• Uses fast, block-level file syncing.

  • Smart Sync shows cloud files in local folder.

  • Syncing is more bandwidth-efficient.

If you plan to edit files in Google Drive using cloud-based apps like Google Docs or Google Sheets, syncing isn’t really a concern. In fact, you can collaborate on editing documents in real time. However, if you plan on doing a lot of offline work and syncing those changes, Dropbox wins hands down.

This is because while Google Drive transfers the entire file during each sync, Dropbox uses an algorithm called a “block-level file transfer,” which divides files into smaller “blocks.” Only the block that has been changed is transferred and synced.

Both services offer the ability to view content in your cloud storage inside your local folder. Dropbox has always provided this feature in the form of its “Smart Sync” feature. Google later added it as “selective sync.”

Collaboration: Team Editing and Video Conferencing

Google Drive
  • Integrates with Google Meet.

  • Real-time, collaborative editing.

  • In-document conversation tools.

  • Integrates with Zoom.

  • Real-time collaborative editing.

  • In-document conversation tools.

Both cloud storage services have an integrated video conferencing service. You can use Google Meet with Google Drive, and Zoom with Dropbox. 

Multiple users in Google Drive can work on the same shared documents in real time. For example, you can watch as others edit a file, have an IM chat, and have a comment dialogue in the documents. 

With Dropbox, you can collaborate on Office docs in real time. This is thanks to Dropbox's integration with Office Online. The same real-time commenting features are available.

In terms of collaboration, neither service comes out on top.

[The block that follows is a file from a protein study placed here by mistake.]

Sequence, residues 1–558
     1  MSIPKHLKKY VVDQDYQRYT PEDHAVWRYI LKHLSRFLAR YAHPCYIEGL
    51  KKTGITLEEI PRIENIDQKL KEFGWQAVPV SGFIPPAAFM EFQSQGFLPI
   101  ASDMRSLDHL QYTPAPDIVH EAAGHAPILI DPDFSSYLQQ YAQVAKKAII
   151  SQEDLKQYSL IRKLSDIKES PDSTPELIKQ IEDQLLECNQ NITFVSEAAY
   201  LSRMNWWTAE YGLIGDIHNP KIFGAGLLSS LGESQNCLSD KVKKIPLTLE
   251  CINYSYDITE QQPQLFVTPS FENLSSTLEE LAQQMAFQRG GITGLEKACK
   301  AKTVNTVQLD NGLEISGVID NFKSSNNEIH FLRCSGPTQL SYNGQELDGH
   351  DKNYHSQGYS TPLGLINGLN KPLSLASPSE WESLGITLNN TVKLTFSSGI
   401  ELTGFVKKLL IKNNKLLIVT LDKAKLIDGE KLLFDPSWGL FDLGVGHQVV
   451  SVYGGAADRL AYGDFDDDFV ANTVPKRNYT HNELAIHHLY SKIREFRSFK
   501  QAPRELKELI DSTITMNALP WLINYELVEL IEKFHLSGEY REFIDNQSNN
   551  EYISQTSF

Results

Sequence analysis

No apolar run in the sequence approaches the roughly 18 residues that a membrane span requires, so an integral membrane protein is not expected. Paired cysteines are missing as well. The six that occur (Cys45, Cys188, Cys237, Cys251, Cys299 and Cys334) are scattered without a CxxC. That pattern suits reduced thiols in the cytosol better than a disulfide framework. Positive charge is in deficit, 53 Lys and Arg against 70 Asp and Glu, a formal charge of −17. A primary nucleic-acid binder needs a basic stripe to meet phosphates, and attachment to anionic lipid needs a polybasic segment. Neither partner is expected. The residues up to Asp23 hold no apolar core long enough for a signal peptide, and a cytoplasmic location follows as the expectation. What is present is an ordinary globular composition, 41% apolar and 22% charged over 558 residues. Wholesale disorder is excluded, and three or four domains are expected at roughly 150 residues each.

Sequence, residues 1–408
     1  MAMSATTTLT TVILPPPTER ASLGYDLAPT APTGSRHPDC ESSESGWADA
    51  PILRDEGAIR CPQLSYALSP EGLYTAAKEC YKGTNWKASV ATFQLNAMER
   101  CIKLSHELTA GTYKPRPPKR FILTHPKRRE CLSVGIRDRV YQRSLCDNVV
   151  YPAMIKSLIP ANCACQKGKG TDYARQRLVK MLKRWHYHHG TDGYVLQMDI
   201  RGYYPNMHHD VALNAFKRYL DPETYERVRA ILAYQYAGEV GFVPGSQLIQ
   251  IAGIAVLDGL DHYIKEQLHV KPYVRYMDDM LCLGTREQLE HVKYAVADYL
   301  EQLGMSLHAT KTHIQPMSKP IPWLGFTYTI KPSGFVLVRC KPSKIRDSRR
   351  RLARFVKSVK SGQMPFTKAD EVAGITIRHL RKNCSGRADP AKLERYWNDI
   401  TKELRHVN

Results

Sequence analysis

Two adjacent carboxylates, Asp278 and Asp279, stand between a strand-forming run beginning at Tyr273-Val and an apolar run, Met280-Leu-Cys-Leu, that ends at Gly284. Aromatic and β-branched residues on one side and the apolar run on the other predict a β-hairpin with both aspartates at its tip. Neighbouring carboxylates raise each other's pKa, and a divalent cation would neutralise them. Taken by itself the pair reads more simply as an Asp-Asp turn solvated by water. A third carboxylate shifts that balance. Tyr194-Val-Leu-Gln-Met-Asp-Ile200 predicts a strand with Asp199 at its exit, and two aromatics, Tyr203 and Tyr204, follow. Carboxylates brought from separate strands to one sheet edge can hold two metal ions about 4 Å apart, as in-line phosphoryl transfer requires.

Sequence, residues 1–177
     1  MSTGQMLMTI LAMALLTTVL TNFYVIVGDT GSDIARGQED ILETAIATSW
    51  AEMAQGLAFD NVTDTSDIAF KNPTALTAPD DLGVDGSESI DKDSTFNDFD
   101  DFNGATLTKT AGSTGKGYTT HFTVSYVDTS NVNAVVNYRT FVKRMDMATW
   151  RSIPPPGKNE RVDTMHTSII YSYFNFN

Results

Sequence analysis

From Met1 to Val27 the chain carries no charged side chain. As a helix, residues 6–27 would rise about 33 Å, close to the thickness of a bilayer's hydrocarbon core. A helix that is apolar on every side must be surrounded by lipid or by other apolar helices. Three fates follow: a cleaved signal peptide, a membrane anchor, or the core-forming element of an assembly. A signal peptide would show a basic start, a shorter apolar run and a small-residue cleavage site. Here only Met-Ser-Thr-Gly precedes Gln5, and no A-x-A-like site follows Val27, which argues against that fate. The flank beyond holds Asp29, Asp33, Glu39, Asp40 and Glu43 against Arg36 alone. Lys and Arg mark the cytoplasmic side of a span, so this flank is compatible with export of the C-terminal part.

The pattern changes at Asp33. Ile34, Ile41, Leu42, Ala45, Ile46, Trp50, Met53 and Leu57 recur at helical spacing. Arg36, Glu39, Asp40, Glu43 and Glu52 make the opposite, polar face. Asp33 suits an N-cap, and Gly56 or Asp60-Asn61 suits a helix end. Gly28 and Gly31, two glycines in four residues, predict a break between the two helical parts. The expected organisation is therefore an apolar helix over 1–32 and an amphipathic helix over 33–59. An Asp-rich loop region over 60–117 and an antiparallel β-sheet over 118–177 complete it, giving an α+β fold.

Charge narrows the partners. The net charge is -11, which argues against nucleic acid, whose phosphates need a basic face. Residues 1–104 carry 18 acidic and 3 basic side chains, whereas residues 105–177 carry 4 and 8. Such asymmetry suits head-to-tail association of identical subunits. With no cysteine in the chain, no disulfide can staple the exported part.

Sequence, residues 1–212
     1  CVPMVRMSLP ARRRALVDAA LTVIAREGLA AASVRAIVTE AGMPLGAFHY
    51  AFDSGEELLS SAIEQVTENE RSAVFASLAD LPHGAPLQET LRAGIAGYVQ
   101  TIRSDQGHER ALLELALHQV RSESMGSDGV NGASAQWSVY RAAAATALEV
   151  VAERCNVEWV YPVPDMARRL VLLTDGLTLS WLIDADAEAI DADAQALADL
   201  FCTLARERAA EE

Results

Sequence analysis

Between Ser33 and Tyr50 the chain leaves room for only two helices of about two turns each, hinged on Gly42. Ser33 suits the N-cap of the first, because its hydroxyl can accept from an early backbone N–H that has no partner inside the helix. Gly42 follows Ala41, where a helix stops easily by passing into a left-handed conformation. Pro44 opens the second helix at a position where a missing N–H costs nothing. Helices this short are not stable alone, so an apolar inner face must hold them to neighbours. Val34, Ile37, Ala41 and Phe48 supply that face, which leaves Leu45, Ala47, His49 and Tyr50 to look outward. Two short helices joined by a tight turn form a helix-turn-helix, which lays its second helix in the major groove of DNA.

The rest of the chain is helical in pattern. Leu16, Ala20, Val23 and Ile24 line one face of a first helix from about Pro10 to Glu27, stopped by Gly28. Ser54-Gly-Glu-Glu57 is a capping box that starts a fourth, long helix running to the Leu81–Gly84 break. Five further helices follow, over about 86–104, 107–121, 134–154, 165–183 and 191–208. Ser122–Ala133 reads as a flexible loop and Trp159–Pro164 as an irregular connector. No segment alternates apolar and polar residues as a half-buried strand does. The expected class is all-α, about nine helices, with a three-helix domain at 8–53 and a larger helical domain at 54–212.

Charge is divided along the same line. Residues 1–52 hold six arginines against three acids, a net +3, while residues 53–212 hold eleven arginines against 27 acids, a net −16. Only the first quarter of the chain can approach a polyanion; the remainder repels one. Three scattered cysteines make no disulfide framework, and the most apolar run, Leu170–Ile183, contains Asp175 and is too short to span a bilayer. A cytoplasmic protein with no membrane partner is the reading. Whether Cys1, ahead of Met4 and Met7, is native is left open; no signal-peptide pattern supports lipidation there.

Security and Privacy: Both Keep You Secure

Google Drive
  • Better file transfer encryption.

  • More susceptible to government data requests.

  • Entire files at risk during transit.

  • Better file storage encryption.

  • Activist against government overreach.

  • Only blocks of files at risk during transit.

Google incorporates 256-bit AES file storage encryption for any file transfers, and 128-bit AES encryption for files in storage (at rest). 

Dropbox, on the other hand, uses stronger encryption for files at rest (256-bit AES), and weaker security (128-bit AES encryption) for files in transfer. While this helps Dropbox achieve faster file sync time than Google Drive, it also comes with a slight security trade-off. With that said, since Dropbox only syncs “blocks” of files rather than entire files, that risk is reduced.

Final Verdict: Google Drive Wins By a Nose

Both services are excellent choices when it comes to cloud-based collaboration. Google Drive wins when it comes to free storage space, the convenience of deep integration with all of Google’s services, and solid security. Google Drive also has a more intuitive user interface.

On the other hand, Dropbox pulls out ahead in terms of its faster file syncing algorithm, a large field of popular apps and services it integrates with, and its integration with the most popular video conferencing service online today, Zoom.

Google Drive comes out on top because, for Google users, the convenience of Drive integration with Google services is a must-have. Considering there are approaching 2 billion Google users worldwide, that is no small matter. 

On the other hand, for anyone who doesn’t use many Google services or apps, Dropbox might be a better option if you’d love the flexibility of using your cloud storage with a wide variety of other third-party apps and services.

Was this page helpful?